Next, the walls are raised with brick. The artisan then installs a pipe low in the collection wall to direct water from the reservoir to a concrete or plastic spring box. He then backfills the spring source with hardcore until water is flowing from the discharge pipe. The area around the spring is then landscaped, fenced, and drainage is dug.

As soon as clean water was flowing from the discharge pipe, community members were lining up to fill their containers. Mr. Samson Odara said, “I am just very excited for this water source! I can now wait and relax, and drink clean water at home.”

The Water Project : 10-uganda6084-clean-water

08/23/2017: Ejinga-Ayikoru Community Project Underway

Ejinga-Ayikoru Community in Uganda will soon have a source of clean water, thanks to your generous donation. A spring is being protected, and the community will attend sessions on sanitation and hygiene practices. Together, these resources will go a long way toward stopping the spread of disease in the area. We just posted a report including information about the community, project details, and pictures. Please look there to read about how the community decided a spring protection system is the best solution for their area. We’ll keep you informed as the work continues!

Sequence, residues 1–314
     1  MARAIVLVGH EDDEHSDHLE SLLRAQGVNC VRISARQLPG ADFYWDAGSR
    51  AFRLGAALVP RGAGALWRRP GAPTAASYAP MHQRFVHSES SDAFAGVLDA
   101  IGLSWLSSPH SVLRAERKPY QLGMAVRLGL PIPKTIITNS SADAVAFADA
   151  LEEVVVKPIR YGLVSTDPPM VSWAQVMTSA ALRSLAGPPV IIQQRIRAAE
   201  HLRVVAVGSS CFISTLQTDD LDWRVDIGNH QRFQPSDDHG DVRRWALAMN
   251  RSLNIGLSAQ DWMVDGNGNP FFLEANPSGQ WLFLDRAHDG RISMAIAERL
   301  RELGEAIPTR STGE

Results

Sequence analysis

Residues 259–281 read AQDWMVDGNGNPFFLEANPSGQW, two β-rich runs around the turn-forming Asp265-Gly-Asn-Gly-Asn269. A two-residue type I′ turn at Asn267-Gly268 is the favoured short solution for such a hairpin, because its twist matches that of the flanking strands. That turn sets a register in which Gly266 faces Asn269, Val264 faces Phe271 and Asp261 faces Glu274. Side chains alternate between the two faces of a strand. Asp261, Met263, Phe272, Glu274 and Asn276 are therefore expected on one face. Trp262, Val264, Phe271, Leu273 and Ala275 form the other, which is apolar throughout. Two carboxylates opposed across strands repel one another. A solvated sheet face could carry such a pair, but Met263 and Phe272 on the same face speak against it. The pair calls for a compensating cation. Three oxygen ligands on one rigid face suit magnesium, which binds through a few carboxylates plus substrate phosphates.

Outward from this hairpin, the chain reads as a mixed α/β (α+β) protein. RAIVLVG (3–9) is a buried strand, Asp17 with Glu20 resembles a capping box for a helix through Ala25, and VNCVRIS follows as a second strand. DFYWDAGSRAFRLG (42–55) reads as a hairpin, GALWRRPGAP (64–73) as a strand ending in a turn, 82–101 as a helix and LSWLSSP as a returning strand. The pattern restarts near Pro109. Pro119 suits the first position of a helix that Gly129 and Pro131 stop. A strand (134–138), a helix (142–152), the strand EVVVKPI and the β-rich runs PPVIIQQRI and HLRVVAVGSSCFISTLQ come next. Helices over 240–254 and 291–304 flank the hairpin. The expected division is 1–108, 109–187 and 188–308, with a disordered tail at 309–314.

Click the tabs above to learn more, and Thank You for your help!

The Water Project : 1-uganda6084-unprotected-spring

Project Photos

Project Type

Protected Spring

In many communities, natural springs exist as water flows from cracks in rocky ground or the side of a hill.  Springs provide reliable water but that doesn’t mean safe. When left open they become contaminated by surface contamination, animal and human waste and rain runoff. The solution is to protect the source. First, you excavate around the exact source area of the spring. Then, you build a protective reservoir for water flow, which leads to a concrete spring box and collection area. Safe water typically flows year-round and there is very limited ongoing maintenance needed!